Some of the more melodic music that you use is when the main character, played by Tom Holland, is high on drugs. And it almost feels that you want the music to wash over you like he’s riding a wave.
Yeah, there’s definitely an element of that. It’s an interesting one because the portrayal of drugs in the movie isn’t either positive or negative. It has sort of fun aspects as well as dark aspects. Drugstore Cowboy is a movie where they’re always raiding pharmacies to get drugs and it’s not a disapproving film. It’s kind of cool. It’s also not cool. They end up in a mess. The music surrounding some of those drug experiences isn’t the sort of music the government would want you to write to put you off drugs. But it's not glamorising it either. With the melody and harmony for something like Carnival of Losers, it has a more traditional approach to writing and music. Some of the drug experience music is more visceral and has to do with literally creating sounds that you sort of respond to more neurologically than you would intellectually. And so a lot of that was to do with the corrupting and warping of guitar textures that you just sort of responding to on a slightly more visceral level. It’s like getting one of those mirrors that distort your image, so it starts looking a bit peculiar.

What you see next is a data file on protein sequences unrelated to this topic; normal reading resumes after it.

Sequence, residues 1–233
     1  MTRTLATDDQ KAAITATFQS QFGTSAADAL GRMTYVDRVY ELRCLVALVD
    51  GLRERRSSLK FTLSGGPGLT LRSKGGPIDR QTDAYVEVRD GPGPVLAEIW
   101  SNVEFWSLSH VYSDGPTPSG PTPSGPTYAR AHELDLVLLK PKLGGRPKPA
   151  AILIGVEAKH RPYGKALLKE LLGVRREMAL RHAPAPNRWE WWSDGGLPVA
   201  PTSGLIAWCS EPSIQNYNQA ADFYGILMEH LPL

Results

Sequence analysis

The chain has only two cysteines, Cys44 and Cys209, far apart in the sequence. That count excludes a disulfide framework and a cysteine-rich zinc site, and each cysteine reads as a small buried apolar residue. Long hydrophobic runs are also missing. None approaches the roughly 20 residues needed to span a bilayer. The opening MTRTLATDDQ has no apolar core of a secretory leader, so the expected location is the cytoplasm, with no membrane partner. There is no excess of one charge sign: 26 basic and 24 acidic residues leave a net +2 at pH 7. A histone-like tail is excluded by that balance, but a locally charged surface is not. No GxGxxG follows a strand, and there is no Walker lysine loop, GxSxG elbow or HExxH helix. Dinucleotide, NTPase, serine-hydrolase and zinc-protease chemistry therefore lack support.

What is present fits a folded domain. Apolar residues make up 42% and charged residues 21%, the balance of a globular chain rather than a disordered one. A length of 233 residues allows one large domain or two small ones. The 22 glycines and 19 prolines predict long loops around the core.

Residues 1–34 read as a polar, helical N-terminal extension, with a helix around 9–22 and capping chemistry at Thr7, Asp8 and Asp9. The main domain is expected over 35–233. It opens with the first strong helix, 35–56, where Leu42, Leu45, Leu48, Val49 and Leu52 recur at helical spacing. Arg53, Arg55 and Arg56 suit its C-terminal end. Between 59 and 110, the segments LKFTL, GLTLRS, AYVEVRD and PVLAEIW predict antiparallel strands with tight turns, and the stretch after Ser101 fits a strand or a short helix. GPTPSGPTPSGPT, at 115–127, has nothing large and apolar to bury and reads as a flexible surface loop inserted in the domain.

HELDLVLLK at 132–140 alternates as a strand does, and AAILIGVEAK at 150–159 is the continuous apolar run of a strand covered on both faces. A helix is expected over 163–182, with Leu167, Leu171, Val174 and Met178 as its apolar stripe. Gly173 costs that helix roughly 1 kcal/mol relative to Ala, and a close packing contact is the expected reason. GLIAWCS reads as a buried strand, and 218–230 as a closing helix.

That’s where a lot of that production stuff came in where I was using things like an old Roland Space Echo. I would put a sound through it and wait till it hit the bit of the tape that’s all mangled and get all these weird noises that destabilized the sound. It’s literally just a really, really worn piece of tape from the early ‘80s that isn’t functioning properly anymore. Good luck trying that with a plugin.
There’s one track that stood out to me - it’s called It Was Perfect. What drove the selection of the instrumentation for that one?
There’s some famous philosophy about rolling the dice and then making decisions off the back of it. I’d love to say that I knew exactly what that piece was gonna sound like. I filled the garage with a selection of instruments that was almost randomly determined of what was in storage at the time. And it was an Andean harp that I picked up in Peru in 1995. A ukulele that I bought like a gormless tourist at the Rarotonga Cook Islands Airport. A zither that my father left me that I had no idea how to play and two of its strings were missing. I had no idea and I just set up a mono mic in the middle of the room and just picked up each one and went, okay, let’s see what we can do with it.